Novo Nordisk announced a big purchase on Thursday to augment its rare disease portfolio.
The Danish pharmaceutical giant is shelling out $20 per share in cash to acquire clinical-stage biotech Forma Therapeutics, which focuses on rare hematologic diseases. The deal represents a total equity value of $1.1 billion, about $425 million more than Forma’s current market cap. The transaction is expected to close before the end of the year.
Forma made its market debut in 2020 with a $278 million initial public offering. The Massachusetts-based company’s lead drug candidate is etavopivat, a once-daily selective pyruvate kinase-R activator designed to improve anemia and red blood cell health in patients with sickle cell disease (SCD).
SCD is an inherited disease that causes hemoglobin, the oxygen-carrying protein in red blood cells, to become rigid and misshapen. This makes normally round and flexible red blood cells rigid, and they take on a sickle shape. The clogging of these sickle-shaped blood cells impedes blood flow, as well as the delivery of oxygen to tissues. The condition leads to complications including vaso-occlusive crisis, which occurs when sickled red blood cells block blood flow to tissues thereby depriving them of oxygen.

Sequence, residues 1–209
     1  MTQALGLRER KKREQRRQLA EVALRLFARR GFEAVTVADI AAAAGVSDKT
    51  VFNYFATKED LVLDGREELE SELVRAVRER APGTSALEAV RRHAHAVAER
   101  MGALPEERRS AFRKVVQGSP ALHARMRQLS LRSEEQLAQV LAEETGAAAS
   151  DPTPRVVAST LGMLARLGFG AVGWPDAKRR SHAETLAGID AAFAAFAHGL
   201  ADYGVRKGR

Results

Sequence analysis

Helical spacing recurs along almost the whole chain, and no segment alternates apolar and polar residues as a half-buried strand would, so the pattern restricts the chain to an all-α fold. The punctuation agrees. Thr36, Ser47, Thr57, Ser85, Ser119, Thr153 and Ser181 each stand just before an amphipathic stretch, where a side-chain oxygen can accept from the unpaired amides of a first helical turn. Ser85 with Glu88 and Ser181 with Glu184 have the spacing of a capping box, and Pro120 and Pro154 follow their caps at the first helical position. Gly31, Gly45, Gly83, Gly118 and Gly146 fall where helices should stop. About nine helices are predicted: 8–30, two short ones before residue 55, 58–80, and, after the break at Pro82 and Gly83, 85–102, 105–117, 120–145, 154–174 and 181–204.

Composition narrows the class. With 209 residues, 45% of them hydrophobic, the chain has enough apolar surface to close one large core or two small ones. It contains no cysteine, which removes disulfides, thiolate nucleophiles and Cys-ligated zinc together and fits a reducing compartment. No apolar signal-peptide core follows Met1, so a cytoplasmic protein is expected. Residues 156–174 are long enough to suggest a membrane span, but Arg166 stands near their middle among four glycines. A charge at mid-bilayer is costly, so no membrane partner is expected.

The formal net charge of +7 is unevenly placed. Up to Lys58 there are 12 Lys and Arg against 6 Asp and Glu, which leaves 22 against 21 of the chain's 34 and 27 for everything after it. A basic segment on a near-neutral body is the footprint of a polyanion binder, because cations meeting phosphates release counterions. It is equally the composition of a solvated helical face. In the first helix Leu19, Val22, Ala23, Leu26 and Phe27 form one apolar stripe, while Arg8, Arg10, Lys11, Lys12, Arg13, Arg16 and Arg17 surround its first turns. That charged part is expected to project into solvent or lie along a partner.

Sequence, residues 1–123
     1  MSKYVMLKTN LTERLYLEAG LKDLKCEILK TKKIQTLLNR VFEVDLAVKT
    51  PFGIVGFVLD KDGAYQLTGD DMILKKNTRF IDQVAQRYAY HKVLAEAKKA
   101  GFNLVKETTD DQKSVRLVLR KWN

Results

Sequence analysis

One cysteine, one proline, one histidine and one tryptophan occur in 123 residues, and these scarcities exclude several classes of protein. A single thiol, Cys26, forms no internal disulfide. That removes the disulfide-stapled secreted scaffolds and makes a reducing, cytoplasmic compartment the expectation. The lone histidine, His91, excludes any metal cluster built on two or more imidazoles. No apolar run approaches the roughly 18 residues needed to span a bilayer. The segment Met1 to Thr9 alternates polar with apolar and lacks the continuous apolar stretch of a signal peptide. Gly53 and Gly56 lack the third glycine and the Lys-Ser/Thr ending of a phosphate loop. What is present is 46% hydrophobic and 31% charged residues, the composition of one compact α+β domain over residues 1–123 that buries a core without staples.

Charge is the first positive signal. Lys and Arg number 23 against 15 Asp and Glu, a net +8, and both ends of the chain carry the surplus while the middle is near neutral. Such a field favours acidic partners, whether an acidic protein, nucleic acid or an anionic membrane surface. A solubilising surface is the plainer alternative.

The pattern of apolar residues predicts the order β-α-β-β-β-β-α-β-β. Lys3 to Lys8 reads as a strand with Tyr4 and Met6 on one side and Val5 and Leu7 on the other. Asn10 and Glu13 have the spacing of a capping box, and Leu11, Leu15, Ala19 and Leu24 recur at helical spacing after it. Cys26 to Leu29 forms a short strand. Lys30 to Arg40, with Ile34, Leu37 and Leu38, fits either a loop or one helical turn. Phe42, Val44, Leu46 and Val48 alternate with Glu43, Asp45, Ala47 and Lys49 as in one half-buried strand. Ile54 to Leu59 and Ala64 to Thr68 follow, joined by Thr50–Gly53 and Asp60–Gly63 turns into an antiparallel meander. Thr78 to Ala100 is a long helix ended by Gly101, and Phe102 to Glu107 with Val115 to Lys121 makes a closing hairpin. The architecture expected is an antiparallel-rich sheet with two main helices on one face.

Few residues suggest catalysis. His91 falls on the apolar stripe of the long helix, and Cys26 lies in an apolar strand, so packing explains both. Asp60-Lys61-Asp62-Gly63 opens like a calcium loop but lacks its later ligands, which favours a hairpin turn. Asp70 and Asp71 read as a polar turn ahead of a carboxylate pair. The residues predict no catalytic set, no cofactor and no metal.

In a Phase 1 trial, etavopivat was shown to increase hemoglobin in SCD patients, improve their red blood cell health and decrease vaso-occlusive crises.
The drug is currently being studied in a global Phase 2/3 trial involving patients with SCD, as well as a Phase 2 involving patients with transfusion-dependent SCD or another inherited hemoglobinopathy called thalassemia. The first interim data release for the Phase 2/3 is slated to take place before the end of the year.
The acquisition is “by no means out of the blue,” Ludovic Helfgott, Novo’s executive vice president and head of rare disease, said in an interview. The deal signals Novo’s commitment to developing more products to treat hematological disorders, which Helfgott identified as an area with a large unmet need.
Novo was attracted to etavopivat for a few reasons. The drug has demonstrated a good safety profile and efficacy during its clinical testing, and it is convenient for patients given that it needs to be taken only once daily. Novo also liked how flexible the drug can be — it can be used alone or in combination with other treatments, and it is currently being developed for use in pediatric patients as well as adults, according to Helfgott.
This is not the first time Novo has made an acquisition to strengthen its SCD portfolio. In 2018, the company paid $400 million for Ohio-based EpiDestiny’s early stage SCD program. Together, Novo and EpiDestiny have built NDec — an oral, fixed-dose formulation of decitabine and tetrahydrouridine for the treatment of SCD. The compound is currently in clinical development, Helfgott said.
Novo’s acquisition of Forma is the second billion-dollar SCD deal the pharmaceutical industry has seen in the last 30 days. Pfizer forked over $5.4 billion in August to buy Global Blood Therapeutics, a company with one commercialized therapy for sickle cell disease and a pipeline of additional drugs in various stages of development for the blood disorder.
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